An institutional investor group including state pension funds in California, New York and Pennsylvania sent letters to 27 oil and gas companies and 26 insurance companies underwriting their activities, seeking greater transparency on their risk reduction strategies for global offshore oil operations.
In a teleconference on Thursday, Thomas P. DiNapoli, New York state comptroller and sole fiduciary of the $132.6 billion New York State Common Retirement Fund, Albany, said the companies were asked “to take all reasonable steps to mitigate risk in offshore drilling.”
The New York fund, invested in 17 of the companies, has lost more than $2 billion from those investments since the April 20 BP Deepwater Horizon oil rig explosion that killed 11 workers and the ensuing oil spill in the Gulf of Mexico.
Robert M. McCord, Pennsylvania state treasurer and trustee of the $47 billion Pennsylvania Public School Employees' Retirement System and the $24.7 billion Pennsylvania State Employees' Retirement System, both of Harrisburg, in the teleconference called the BP disaster “a game changer” for the oil and gas industry to step up disclosure about catastrophic drilling risks, improvement in risk management and innovation in responding to a disaster.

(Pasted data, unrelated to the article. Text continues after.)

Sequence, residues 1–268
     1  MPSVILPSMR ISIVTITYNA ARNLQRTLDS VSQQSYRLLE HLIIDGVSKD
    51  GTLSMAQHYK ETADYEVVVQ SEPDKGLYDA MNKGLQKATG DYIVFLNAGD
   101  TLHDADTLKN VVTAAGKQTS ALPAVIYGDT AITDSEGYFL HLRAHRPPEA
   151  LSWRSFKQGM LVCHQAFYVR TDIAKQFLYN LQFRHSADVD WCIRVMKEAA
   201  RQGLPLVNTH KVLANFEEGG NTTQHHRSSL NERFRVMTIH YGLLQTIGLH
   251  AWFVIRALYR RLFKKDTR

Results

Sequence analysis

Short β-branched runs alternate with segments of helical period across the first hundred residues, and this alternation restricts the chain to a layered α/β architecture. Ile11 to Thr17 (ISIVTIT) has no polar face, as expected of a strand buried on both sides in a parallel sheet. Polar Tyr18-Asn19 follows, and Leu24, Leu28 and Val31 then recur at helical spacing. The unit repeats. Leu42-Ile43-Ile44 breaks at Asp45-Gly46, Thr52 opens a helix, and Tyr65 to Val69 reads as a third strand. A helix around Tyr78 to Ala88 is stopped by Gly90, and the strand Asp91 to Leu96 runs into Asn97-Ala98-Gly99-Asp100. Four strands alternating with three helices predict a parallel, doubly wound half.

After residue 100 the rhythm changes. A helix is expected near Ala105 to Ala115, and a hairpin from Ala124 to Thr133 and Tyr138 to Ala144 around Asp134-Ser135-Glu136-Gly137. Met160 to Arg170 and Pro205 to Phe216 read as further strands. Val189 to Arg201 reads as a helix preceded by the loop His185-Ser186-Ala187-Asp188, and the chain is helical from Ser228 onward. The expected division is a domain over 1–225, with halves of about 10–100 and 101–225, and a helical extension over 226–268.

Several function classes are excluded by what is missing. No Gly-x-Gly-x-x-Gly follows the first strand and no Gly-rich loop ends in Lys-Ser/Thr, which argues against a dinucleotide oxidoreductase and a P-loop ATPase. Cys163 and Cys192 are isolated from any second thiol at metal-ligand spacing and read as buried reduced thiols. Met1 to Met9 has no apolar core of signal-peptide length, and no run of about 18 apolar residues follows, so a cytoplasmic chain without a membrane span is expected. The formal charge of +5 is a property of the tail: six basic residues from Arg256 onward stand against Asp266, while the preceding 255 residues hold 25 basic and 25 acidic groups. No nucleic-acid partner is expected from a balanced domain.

The Pennsylvania funds have lost $24.7 million in BP stock since the oil rig blowout, Mr. McCord said.
Bill Lockyer, California state treasurer and trustee of the $204.4 billion California Public Employees’ Retirement System and the $129.7 billion California State Teachers’ Retirement System, both of Sacramento, said investors should examine the roles of the board in risk management in oil production and executive compensation incentives in mitigating risk, as well as addressing whistleblower complaints about operations.
The two California funds have lost $349 million in BP investments since the blowout, Mr. Lockyer said.
Exxon Mobil, Royal Dutch Shell, ConocoPhillips, Chevron, Petrobras, American International Group, Swiss Re, Travelers and XL were among companies targeted by the letters.
The letters were not sent to BP and other companies directly involved in the disaster because of the difficulty of getting their attention at this time and because of investor lawsuits, Mr. Lockyer said.
“Every company in the industry pays for the sins of the weaker operator,” Andrew Logan, oil program director of Ceres, said at the teleconference. Ceres, a network of pension funds and other institutional investors and environmental groups, helped organized the letter campaign.
The letters ask the companies to respond by Nov. 1.